Adobe, whose Flash streaming technology powers the bulk of Web video, announced a major win in the broadcast market at IBC based on its editing software.
Hearst Television has tapped the company to develop a tapeless editing system for its 25 stations based on Adobe's Premiere Pro CS4 software. Hearst Television and Adobe will work to integrate the Adobe editing software with AP's ENPS, Hearst's newsroom control system, ENPS, to allow editors to seamlessly edit and deliver finished news packages back to ENPS. The Adobe software offers native support for a variety of acquisition formats, including Sony XDCAM EX and Panasonic P2, without requiring transcoding or rewrapping files.
"Adobe's powerful and comprehensive suite of creative tools has been invaluable to the success of our stations," said Heart Television VP of engineering Marty Faubell in a statement. "Adobe is working on tapeless workflows rich in metadata that will enhance content management and delivery to all of our platforms."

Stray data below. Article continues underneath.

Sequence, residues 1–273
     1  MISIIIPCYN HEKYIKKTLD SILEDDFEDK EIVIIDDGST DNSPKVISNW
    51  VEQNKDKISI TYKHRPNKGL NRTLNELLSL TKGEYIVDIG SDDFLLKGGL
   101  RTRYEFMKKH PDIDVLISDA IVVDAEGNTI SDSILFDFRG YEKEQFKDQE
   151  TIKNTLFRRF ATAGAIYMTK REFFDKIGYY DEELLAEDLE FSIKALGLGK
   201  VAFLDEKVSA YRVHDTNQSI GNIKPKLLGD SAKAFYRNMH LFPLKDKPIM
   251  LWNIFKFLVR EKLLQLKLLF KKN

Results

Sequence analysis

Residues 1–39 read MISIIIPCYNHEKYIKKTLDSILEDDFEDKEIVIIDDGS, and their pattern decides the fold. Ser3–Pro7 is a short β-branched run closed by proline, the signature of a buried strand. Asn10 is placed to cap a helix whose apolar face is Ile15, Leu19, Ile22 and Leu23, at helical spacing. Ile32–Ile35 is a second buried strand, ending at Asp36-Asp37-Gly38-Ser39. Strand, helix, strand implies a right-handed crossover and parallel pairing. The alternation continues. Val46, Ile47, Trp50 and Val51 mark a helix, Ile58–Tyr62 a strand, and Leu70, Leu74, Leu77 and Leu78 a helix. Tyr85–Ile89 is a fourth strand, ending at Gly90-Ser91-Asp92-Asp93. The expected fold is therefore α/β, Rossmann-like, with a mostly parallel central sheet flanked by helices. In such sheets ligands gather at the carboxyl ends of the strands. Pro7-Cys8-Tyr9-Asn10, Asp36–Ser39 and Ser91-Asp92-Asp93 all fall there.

Also at IBC, Adobe showed Adobe Story, the online and offline collaborative script development tool it first unveiled at NAB. The Adobe Story software, which is available for public preview at the Adobe Labs Website, automatically turns content in scripts, such as scene location, into relevant metadata that can be used by Adobe's editing systems to improve the efficiency of capturing clips and editing footage.